Knives photo

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Photograph by Cliff Gardiner & John Keller

New pocketknives are shiny and razor-sharp. But old, beat-up knives tell the story of the person who carried them. If you own such a knife, here’s how to clean it up without wiping away all of its history, so you can pass it down.

[1] Start with a thorough cleaning. An old toothbrush and a can of Birchwood Casey Gun Scrubber will remove most of the dirt and crud. Reach deep into blade channels with a stiff nylon bristle brush. Use a Mr. Clean Magic Eraser to scrub away years of ground-in gunk in the handle.

[2] Reshape broken tips by removing metal from the back of the blade to regain the original contour. The easiest way to do this is by stroking it over a coarse stone in a circular motion. Avoid grinding wheels or belts, as they can overheat the blade and alter the temper of the metal.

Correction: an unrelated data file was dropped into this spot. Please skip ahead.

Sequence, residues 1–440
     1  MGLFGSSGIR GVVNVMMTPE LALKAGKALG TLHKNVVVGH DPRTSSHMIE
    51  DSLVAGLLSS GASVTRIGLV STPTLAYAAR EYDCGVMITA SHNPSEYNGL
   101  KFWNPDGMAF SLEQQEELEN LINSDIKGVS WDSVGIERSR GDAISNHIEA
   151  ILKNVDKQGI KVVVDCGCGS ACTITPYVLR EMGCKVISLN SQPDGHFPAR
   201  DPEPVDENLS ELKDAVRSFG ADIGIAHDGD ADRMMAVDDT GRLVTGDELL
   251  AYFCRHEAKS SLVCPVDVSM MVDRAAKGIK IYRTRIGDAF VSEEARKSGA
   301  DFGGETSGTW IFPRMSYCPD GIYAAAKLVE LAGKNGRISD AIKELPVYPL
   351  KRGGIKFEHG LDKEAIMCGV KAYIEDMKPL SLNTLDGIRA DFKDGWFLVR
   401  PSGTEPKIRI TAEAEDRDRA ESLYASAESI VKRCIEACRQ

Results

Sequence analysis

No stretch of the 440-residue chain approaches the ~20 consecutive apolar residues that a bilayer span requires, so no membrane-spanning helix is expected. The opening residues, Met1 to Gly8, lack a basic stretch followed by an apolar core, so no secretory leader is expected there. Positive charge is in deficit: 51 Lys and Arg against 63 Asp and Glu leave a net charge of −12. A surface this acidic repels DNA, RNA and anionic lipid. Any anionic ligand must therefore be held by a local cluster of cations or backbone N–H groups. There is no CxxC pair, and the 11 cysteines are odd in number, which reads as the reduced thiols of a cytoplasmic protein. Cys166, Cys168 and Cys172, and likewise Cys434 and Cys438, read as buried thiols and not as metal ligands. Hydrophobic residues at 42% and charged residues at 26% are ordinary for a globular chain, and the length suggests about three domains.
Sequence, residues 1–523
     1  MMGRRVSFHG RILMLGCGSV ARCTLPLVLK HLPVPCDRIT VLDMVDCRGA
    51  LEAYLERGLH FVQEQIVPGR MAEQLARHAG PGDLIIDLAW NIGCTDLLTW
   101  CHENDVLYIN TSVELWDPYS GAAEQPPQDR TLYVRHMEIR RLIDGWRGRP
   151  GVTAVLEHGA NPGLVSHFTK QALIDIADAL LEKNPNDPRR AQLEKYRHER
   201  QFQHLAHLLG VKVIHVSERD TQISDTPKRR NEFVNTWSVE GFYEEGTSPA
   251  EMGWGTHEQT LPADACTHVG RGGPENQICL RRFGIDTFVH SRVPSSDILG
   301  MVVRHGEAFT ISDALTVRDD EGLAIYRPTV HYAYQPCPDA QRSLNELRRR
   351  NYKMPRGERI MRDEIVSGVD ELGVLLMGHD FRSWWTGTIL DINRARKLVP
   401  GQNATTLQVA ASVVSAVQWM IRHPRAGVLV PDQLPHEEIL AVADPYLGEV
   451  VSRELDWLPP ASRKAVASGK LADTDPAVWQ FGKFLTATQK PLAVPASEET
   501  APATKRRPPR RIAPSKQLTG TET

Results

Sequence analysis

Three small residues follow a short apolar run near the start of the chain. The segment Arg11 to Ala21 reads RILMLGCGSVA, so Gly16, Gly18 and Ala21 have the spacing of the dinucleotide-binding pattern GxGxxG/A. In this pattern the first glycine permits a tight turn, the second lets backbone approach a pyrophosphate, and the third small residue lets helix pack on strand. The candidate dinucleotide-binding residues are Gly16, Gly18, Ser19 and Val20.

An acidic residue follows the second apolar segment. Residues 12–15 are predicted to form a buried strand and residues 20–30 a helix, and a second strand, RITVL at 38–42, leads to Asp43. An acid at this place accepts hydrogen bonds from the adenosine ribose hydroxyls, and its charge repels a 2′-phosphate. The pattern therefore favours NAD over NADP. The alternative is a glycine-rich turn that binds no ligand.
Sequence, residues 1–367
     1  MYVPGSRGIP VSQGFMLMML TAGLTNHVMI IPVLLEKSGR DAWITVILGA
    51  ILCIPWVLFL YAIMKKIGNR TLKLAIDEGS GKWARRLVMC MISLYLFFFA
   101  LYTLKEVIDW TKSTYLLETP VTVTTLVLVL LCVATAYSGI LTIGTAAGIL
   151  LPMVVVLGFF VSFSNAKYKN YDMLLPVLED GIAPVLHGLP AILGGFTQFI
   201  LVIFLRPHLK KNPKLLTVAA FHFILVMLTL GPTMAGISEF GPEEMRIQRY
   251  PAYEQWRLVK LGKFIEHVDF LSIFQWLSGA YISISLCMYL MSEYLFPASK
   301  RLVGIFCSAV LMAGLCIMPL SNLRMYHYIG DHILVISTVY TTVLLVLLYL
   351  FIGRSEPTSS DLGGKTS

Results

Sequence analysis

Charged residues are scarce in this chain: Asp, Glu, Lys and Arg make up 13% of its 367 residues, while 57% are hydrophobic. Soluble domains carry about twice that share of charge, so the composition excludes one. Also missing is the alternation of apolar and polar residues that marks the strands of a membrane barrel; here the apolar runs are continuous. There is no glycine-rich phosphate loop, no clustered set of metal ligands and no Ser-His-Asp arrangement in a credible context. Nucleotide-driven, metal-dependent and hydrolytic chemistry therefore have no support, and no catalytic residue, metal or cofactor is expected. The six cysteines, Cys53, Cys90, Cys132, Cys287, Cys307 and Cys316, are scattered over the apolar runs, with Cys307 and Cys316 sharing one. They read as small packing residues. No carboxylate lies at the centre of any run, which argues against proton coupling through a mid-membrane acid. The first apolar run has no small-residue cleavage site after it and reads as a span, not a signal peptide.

[3] To remove surface rust, dip the blade in CLR Rust Remover and buff it with a rotary tool equipped with a fine brass wire brush.

[4] To polish the blade, switch the wire brush to a felt polishing wheel. Dip the wheel into polishing compound and set to work on the blades until they shine. Finish the blades with a new polishing wheel and a metal paste polish like Flitz.

[5] Add a drop or two of oil to the joints and finish the job by sharpening the blades. If you aren’t one of those gifted folk who can hone a blade on a stone until it’s ­shaving-​sharp, use a kit like those from Lansky or a belt sharpener like the Work Sharp System.

[6] Pass it on. When you are finished with your knife, make sure it goes to a young person who will continue the story.

Note: Collectors like to see knives in “as is” condition. If yours is rare or collectible, consult an expert before restoring.